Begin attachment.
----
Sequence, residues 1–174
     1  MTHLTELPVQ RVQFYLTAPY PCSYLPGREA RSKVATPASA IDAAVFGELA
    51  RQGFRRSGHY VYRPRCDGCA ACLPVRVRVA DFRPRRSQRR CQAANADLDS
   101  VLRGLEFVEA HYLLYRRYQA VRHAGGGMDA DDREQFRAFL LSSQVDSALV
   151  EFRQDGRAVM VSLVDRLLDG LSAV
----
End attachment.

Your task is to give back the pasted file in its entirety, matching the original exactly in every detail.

Sequence, residues 1–174
     1  MTHLTELPVQ RVQFYLTAPY PCSYLPGREA RSKVATPASA IDAAVFGELA
    51  RQGFRRSGHY VYRPRCDGCA ACLPVRVRVA DFRPRRSQRR CQAANADLDS
   101  VLRGLEFVEA HYLLYRRYQA VRHAGGGMDA DDREQFRAFL LSSQVDSALV
   151  EFRQDGRAVM VSLVDRLLDG LSAV